- Researchers say sexual activity may be an asthma trigger for some people.
- They say that’s because sex, like any exercise, can affect airways and breathing patterns.
- Experts say people with asthma can take precautions during sexual activity, including having an EpiPen nearby.
New research reports that sexual activity can be like climbing two flights of stairs and can be a trigger for asthma.
Researchers presented their study today at the 2022 American College of Allergy, Asthma, and Immunology (ACAAI) Annual Scientific Meeting in Louisville, Kentucky.
“We wanted to investigate whether case studies on asthma exacerbations mentioned sexual activity as a possible cause,” said Dr. Ariel Leung, the chief internal medicine resident at Saint Agnes Medical Center in Fresno, California. and lead author of the study.
The abstract is titled “How Allergists are Saving Marriages: A Review on Sexual Intercourse Presenting as Exercise-Induced Asthma.”
The findings haven’t been published yet in a peer-reviewed journal.
“Many people don’t realize that the energy expenditure of sexual activity is about equivalent to walking up two flights of stairs,” Leung said in a statement. “Reported cases are infrequent, possibly because those suffering an asthma flare may not realize the trigger.”
Researchers looked at available literature on sexual intercourse as an underdiagnosed cause of asthma exacerbations.
They searched the National Library of Medicine’s
The researchers noted sexual activity could be an even bigger trigger than studies show.
One of the study’s co-authors said in the statement it’s possible the condition is underreported because of the intimate nature of the subject matter.
“People may not be comfortable discussing with their allergist an asthma flare that was caused by sex,” said Dr. A.M. Aminian, an allergist at the Allergy Institute in Fresno. “But allergists are specialists in the diagnosis, treatment, and management of asthma. If anyone would be able to guide a patient in how to avoid an asthma flare in the future, it would be their allergist. When sexual activity-induced asthma is properly identified and treated, allergists are better able to improve their patient’s quality of life.”
Dr. Morris Nejat specializes in adult and pediatric allergy and immunology and owns NY Allergy & Sinus Centers in New York. He told Healthline sexual activity can work like any exercise on the body.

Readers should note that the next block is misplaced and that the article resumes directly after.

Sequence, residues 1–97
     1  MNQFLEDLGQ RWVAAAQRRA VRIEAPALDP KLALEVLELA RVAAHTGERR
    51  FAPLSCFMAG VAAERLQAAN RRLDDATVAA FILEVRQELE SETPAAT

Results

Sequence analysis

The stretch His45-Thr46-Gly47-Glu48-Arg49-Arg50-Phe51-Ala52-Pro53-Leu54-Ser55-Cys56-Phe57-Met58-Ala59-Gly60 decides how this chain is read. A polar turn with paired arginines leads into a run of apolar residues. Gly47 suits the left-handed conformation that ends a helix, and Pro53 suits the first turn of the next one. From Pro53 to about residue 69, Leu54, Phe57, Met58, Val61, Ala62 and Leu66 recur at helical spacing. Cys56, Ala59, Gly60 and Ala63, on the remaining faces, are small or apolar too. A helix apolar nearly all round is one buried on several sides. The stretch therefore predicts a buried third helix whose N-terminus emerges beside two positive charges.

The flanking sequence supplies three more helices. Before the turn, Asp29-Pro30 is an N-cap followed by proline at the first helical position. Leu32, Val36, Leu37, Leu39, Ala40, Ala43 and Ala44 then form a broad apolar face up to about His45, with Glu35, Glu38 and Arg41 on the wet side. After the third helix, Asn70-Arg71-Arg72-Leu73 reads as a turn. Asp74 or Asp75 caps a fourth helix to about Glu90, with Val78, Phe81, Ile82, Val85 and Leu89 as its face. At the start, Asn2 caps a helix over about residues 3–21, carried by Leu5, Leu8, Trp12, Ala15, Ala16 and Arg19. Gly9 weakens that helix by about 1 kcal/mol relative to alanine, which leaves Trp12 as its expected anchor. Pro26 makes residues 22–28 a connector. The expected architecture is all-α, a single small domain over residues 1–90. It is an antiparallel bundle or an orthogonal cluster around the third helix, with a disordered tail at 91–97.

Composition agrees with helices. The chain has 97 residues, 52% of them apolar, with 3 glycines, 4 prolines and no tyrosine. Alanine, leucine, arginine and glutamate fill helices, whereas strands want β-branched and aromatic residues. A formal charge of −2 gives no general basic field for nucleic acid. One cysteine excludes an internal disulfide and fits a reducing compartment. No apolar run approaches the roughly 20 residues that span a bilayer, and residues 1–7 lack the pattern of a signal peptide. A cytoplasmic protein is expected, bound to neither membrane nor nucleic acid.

But there also could be a little-known allergy at work as well.
“If sexual activity triggers asthma, there could be two issues,” Nejat said. “If your asthma is not controlled, it can trigger asthma, like any other form of exercise. You should see your allergist to get a better handle on asthma management.”
“Also, some individuals can be allergic to semen and an allergic reaction can be due to exposure to semen,” Nejat added. “Anaphylaxis hives, difficulty breathing, dizziness, lightheadedness, and /or throat tightness can be accompanied by intense itching. If this is suspected, your allergist can do a skin test on your partner’s semen.”
“If a patient is found to be allergic to semen, they should have an EpiPen and they need to discuss options with their doctor,” Nejat noted. “If it is their asthma, they should see an allergist to optimize asthma treatment so they can enjoy this activity without having an asthma exacerbation.”
Or they might just need to keep their inhaler nearby, just in case, said Brian Clark, a registered nurse anesthetist and the founder of the online medical library United Medical Education.
“Sex is a strenuous exercise where our heartbeat rises up and we breathe rapidly,” Clark explained to Healthline. “This might provoke an asthma reaction causing severe breathlessness, coughing, and wheezing. If such an event occurs, one needs to slow down, use the reliever inhaler, and rest for a while. The best way to prevent any asthma triggers is to manage it well at all times.”
Sarah Melancon is a sociologist and sexologist who works as a sexual counselor, researcher, and educator. She told Healthline breathing and sexual function have something in common.
“Breathing is controlled by the autonomic nervous system, as is sexual function,” Melancon explained. “Asthma is hypothesized to be linked with dysregulation in the parasympathetic nervous system and the vagus nerve, which is responsible for narrowing the airways. Relatedly, the parasympathetic nervous system and vagus nerve play a key role in erection, vaginal lubrication, and orgasm – so it is not surprising that sex could trigger an asthma attack.”
Melancon added that the link between sexual issues and asthma goes back to at least the 12th century, “when philosopher-physician Maimonides suggested a bowl of chicken soup before sex for severe asthmatics, among other dietary recommendations for asthma in general.”
Melancon also pointed to a 2019 study, in which participants described having to stop during sex because they can’t breathe.
“Some adapted by using their inhaler or nebulizer during sex, while others are repulsed by the thought,” Melancon said. “Five of nine participants experienced fear that orgasm would lead to severe bronchospasm and require emergency assistance, creating anxiety and limiting sexual pleasure.
“Others reported experimenting with different positions or using pillows as props,” Melancon said. “Some felt these adaptations were positive and a sign of intimacy with their partner. Many, however, felt frustration, guilt, self-loathing, and ‘unintentional pressure’ to have sex. However, almost no participants discussed the issue with their doctor.”
The ACAII says for more information about treating asthma and managing asthma symptoms or to find an allergist in your area, visit AllergyandAsthmaRelief.org.